This statement from the Scientific Task Force on Avian Influenza and Wild Birds released 3 December 2014, is in response to the recent H5N8 HPAI developments (November 2014) to inform stakeholders in governments, poultry sector, disease control, wildlife management, site management and conservation sectors about the potential interaction between wild birds and H5N8 HPAI virus and appropriate ways of taking action.
Publications report the detection of H5N8 HPAI virus in domestic poultry in China in 2010 . In mid-January 2014, the Republic of Korea reported the first of a large number of poultry outbreaks of H5N8 HPAI in chickens, domestic ducks and domestic geese. The virus was then responsible for outbreaks in poultry in Japan (April 2014), in China (September 2014), and more recently (November 2014) in closed and semi-closed poultry productions systems in Germany, then the Netherlands and United Kingdom.
During the numerous Republic of Korea outbreaks, in early 2014, a number of wild birds were reported as having died from H5N8 HPAI including Baikal Teal (Anas formosa) and Bean Geese (Anser fabalis) with isolations subsequently from a range of waterbird species including Common Coot (Fulica atra), Tundra Swan (Cygnus columbianus), Greater White-fronted Goose (Anser albifrons), Mallard (Anas platyrhynchos), Common Teal (Anas crecca) and Chinese Spot-billed Duck (Anas zonorhyncha).
In November 2014, the virus was isolated from faecal samples from two Tundra Swans in Japan. The first wild bird detection in Europe was from a Common Teal shot on 16th November approximately 50km from the German poultry outbreak reported on 6th November, with the Netherlands reporting the virus in faecal samples from two Eurasian Wigeon (Anas penelope) on 1st December.
Prior to the Chinese report of the virus in poultry in 2010, global wild bird surveillance efforts have not detected this particular strain of avian influenza virus in wild birds. It seems likely that the virus originated in poultry and has probably been able to spill into wild birds and back into poultry, with more typical anthropogenic transmission routes involved too. Although this remains speculative, such a pattern was also seen with H5N1 HPAI virus.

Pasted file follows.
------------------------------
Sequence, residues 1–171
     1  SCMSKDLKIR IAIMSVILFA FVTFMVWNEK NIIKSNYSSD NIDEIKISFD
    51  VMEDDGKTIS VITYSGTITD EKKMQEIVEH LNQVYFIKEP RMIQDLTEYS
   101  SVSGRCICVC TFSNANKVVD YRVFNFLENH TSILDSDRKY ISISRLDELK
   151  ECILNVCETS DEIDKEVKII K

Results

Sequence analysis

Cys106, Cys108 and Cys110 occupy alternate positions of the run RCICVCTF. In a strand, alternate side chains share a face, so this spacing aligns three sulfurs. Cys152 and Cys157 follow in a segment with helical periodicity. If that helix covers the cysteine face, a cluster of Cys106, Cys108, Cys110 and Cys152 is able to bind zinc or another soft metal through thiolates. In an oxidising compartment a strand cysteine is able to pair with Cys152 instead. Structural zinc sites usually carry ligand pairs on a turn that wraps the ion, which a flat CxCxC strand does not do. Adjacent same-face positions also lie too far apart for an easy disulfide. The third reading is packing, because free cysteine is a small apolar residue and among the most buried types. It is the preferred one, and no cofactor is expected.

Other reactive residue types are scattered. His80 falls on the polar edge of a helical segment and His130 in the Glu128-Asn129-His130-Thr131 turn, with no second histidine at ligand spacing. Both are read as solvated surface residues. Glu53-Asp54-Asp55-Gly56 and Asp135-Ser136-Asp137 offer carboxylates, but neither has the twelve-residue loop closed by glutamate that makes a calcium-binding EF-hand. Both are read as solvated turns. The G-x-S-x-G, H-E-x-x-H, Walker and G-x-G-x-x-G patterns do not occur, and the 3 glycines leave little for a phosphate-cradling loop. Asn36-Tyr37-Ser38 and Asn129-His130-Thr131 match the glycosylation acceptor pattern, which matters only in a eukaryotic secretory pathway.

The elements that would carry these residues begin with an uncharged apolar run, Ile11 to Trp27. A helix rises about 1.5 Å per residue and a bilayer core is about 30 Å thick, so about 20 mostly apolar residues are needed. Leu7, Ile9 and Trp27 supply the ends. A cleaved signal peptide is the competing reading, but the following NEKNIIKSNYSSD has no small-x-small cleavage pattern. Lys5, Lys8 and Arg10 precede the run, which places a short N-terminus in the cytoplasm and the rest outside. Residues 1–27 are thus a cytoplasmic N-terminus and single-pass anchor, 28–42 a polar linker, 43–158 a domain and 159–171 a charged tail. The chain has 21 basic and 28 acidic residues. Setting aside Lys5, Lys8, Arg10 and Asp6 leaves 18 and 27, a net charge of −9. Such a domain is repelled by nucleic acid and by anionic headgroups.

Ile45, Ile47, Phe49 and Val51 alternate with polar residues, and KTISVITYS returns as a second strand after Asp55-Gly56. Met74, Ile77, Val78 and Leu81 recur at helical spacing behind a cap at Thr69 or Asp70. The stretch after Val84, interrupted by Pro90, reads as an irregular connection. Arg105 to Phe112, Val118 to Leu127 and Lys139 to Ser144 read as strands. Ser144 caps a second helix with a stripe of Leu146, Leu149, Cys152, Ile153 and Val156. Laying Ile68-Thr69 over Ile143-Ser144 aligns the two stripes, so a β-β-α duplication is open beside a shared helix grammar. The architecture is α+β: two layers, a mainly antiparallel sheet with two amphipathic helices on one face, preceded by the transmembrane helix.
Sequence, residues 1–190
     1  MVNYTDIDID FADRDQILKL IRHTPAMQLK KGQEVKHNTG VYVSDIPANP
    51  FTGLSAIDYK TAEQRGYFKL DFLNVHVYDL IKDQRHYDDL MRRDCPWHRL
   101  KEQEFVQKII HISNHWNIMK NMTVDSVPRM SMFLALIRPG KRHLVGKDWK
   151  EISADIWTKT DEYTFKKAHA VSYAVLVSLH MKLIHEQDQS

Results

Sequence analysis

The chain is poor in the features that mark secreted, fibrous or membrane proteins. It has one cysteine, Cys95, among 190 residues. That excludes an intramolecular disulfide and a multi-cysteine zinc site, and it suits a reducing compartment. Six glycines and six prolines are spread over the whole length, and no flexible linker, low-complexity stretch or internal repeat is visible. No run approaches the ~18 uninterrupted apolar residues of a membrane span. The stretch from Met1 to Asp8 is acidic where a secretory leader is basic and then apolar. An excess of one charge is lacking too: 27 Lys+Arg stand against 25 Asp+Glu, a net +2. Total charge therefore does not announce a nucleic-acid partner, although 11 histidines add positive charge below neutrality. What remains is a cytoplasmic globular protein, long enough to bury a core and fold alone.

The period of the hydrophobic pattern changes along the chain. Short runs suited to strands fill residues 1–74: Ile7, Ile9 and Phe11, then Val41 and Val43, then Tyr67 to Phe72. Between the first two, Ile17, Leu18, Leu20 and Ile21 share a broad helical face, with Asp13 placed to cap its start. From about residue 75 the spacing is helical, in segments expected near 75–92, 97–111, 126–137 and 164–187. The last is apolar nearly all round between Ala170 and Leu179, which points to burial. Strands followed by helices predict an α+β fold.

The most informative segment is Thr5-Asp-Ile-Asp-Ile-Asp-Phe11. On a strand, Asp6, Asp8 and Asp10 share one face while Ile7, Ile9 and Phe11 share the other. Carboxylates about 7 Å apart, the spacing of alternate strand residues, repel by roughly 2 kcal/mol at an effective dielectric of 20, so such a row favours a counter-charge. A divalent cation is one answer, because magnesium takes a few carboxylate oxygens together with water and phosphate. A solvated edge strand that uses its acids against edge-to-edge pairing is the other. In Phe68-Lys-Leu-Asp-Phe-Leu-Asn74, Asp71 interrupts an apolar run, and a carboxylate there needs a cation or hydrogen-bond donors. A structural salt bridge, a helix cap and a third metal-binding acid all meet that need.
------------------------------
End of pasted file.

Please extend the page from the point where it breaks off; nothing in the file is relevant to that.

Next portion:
With respect to the western European H5N8 HPAI poultry outbreaks, investigations are underway to try to determine the source of the virus. There is speculation that the virus has been spread from eastern Asia via wild birds. Firstly, it should be noted that direct migration by wild birds from eastern Asia (e.g. China or Korea) to western Europe would be highly unusual. Flyways are characteristically ‘north – south’ (with some areas of ‘overlap’ of contiguous flyways at higher latitudes), and water birds breeding in northeast Asia tend to migrate southwards into east and southeast Asia, and not into Europe. Movement of the virus from eastern Asia into western Europe via wild birds within an apparently short timeframe would be extraordinary, particularly in the absence of extreme weather conditions during this time.
Over longer time frames and breeding seasons there would be a possibility of westward movement of circulating AI viruses moving between contiguous populations and flyways. In this scenario, even in regions where wild bird surveillance data are lacking, it might be expected that poultry outbreaks of the virus would have occurred across Eurasia if this virus was circulating widely in wild birds. To date, this has not happened, and the potential remains for anthropogenic introduction of the virus, to any part of the world, including Europe, with subsequent spread to wild birds.
Unlike H5N1 HPAI, H5N8 has not been shown to infect humans and, on the basis of current knowledge, it is considered a low public health risk although appropriate hygiene measures should be taken.
Poultry farms and markets